The News on Sunday (TNS): When the media casually refers to transgender people are they using the term correctly? What is a transgender person?
Mehlab Jameel (MJ): It depends on the context. Transgender is not a static term and given its gradual evolution over time, it carries very different sets of meaning in different geographies and communities. The term has been around since the late 1960s, when it was proposed as a replacement for ‘transsexual’, building on the criticism in feminist theory. It gained currency and adopted its current meaning in popular queer lexicon within the Western contexts following the publication of a leaflet by Leslie Fienberg, associated with the Workers Party, in 1992.
In its simplest sense, ‘transgender’ (an umbrella term) refers to a person who does not identify with the gender that they were assigned to at birth. Cisgender, on the other hand, refers to the opposite (i.e. people who do identify with the gender that they were assigned at birth). When I say gender assignment, I mean the medical assignment of a sex category based on the appearance of genitalia, and the associated gendered expectations that come subsequently, which has been the standard practice to determine gender for the longest time (most people actually never find out what their anatomy/chromosomal structure/hormonal patterns — other biological entities on which the idea of gender is prescribed — actually are throughout their lives).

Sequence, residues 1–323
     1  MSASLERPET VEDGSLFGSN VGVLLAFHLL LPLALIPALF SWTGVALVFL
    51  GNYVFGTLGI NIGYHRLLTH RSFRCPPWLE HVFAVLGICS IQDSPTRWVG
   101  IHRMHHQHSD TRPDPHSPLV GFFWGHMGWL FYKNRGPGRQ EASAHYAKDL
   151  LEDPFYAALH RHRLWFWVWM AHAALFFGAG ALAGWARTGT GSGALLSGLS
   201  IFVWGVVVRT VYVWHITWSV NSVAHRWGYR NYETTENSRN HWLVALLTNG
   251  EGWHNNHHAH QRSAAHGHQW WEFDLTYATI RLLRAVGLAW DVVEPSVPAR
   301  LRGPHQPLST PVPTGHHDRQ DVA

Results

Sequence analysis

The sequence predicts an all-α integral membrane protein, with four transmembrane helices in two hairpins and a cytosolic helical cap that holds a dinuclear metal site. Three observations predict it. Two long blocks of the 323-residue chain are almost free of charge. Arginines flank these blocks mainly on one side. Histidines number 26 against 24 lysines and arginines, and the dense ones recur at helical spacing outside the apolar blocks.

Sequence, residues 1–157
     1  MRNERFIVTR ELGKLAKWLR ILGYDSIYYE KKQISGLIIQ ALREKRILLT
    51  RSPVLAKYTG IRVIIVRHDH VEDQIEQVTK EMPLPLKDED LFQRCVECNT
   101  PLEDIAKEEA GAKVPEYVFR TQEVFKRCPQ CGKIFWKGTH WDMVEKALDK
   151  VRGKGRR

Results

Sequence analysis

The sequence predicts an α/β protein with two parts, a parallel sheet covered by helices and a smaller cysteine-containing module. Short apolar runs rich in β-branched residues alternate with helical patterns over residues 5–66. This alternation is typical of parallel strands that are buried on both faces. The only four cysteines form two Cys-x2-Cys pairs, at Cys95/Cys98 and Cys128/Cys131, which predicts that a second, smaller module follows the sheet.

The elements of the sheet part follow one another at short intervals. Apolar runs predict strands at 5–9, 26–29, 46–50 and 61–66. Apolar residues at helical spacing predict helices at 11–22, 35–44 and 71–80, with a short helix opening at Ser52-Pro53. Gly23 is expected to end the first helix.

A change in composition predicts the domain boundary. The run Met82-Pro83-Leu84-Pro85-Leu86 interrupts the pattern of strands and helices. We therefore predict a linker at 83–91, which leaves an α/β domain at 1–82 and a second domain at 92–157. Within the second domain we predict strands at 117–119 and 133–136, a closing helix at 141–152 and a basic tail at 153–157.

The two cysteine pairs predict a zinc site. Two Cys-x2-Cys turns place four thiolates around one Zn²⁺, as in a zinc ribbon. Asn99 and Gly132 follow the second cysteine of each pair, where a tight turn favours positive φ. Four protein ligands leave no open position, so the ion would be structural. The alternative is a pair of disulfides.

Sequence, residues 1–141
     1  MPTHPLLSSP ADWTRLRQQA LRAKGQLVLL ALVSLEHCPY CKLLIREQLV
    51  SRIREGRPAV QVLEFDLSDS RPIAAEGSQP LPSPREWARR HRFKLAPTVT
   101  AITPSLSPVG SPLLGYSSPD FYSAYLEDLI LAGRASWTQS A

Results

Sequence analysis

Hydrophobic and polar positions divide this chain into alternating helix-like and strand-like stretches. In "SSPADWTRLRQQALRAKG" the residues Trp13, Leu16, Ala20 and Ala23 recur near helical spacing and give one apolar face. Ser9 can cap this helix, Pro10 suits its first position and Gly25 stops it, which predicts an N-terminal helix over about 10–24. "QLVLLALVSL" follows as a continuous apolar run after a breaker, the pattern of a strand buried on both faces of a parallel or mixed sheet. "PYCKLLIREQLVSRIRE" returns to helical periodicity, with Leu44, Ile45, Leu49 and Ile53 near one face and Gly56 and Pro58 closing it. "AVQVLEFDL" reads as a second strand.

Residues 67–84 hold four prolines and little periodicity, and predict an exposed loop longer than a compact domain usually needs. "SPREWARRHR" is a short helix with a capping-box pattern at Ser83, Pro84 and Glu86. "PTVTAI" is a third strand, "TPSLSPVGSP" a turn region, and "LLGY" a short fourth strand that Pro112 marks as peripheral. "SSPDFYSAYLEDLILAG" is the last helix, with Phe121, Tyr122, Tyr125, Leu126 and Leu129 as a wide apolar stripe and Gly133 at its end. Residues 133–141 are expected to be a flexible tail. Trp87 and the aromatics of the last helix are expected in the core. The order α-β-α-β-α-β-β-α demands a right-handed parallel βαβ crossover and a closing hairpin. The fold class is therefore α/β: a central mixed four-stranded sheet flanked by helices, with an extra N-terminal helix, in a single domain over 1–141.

Some transgender people choose to undergo partial or complete ‘transitioning’ — medical, cosmetic, as well as social. Many don’t. It’s about personal choice.
Nowadays, the umbrella term trans* or simply trans is used which comprises of a multitude of identities, for example, transwoman, transman, femme, nonbinary, bigender, genderqueer etc, each signifying a unique experience of one’s gender.
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TNS: How are transvestite persons different from transgender people?
MJ: Transvestite is a term popularised in the 1970s for people who cross-dressed. It is considered derogatory by most people now. It does overlap with the identities subsumed under ‘transgender’, but it is not the same.
TNS: Does the term Transgender sit squarely on the South Asian term of Khwajasara? What is the appropriate translation of a transgender person in Urdu?
MJ: The local terms for (who can be broadly referred to as) gender non-conforming people sometimes carry very different meanings as compared to terms developed within the West, and in my opinion cannot be neatly translated and used interchangeably, primarily because they have their own local experience and complex history associated with them.